Quite a long title :D(adsbygoogle = window.adsbygoogle || []).push({});

The fundamental assumption of statistical mechanics states, that all microstates of a system are equally probable. From what I know Liouvilles theorem should support this, but other than that I think it is just a pure assumption.

Now I'm not really sure if I find it intuitive. Suppose you have one system with 100 quantum oscillators storing each one energy unit and it's put in contact with another solid storing no energy but which also consists of 100 quantum oscillators. Then the fundamental assumption says that, the energy will get passed around randomly such that all the combined microstates are equally probable.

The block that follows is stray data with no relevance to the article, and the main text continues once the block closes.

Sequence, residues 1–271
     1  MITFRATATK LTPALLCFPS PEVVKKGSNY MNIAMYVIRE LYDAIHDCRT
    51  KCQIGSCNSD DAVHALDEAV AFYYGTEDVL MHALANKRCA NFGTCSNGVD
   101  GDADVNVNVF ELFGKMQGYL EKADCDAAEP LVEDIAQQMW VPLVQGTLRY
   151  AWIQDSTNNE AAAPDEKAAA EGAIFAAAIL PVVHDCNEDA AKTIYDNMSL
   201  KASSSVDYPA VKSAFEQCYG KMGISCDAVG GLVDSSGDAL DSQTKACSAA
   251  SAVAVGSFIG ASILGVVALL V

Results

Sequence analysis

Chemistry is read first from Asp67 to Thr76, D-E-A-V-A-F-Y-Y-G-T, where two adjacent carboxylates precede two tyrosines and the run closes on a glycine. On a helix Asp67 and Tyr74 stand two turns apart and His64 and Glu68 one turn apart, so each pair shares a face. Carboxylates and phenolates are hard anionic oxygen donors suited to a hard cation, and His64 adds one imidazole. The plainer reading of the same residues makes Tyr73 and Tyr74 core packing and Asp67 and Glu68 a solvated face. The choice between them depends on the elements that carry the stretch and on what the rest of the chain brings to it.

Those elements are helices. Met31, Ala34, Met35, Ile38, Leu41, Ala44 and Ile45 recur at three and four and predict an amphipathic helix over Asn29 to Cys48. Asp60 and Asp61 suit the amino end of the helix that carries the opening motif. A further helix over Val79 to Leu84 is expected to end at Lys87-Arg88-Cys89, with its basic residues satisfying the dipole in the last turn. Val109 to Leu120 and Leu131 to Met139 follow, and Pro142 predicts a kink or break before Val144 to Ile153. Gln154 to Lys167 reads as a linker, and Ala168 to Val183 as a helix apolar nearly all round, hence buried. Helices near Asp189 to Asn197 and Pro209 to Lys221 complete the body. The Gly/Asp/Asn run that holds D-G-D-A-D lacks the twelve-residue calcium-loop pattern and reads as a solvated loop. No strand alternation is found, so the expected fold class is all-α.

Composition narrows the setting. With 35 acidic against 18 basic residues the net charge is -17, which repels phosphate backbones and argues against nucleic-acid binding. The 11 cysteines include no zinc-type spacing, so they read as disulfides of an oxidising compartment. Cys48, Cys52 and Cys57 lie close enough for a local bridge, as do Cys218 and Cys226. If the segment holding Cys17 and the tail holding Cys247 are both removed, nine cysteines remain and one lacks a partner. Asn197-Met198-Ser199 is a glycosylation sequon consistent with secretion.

But why doesn't it consider the case where the quantum oscillators in solid one exchange energy with each other? I mean for instance, why can't oscillator one with one unit of energy not transfer energy to oscillator two which also transfers energy back to oscillator one such that not overall change has happened - i.e. solid one still has 100 oscillators with one energy unit in each?

(Or maybe that wouldnt matter when I think about it because then for the others there would also be 100! ways of arranging them..)

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# Fundamental assumption of statistical mech

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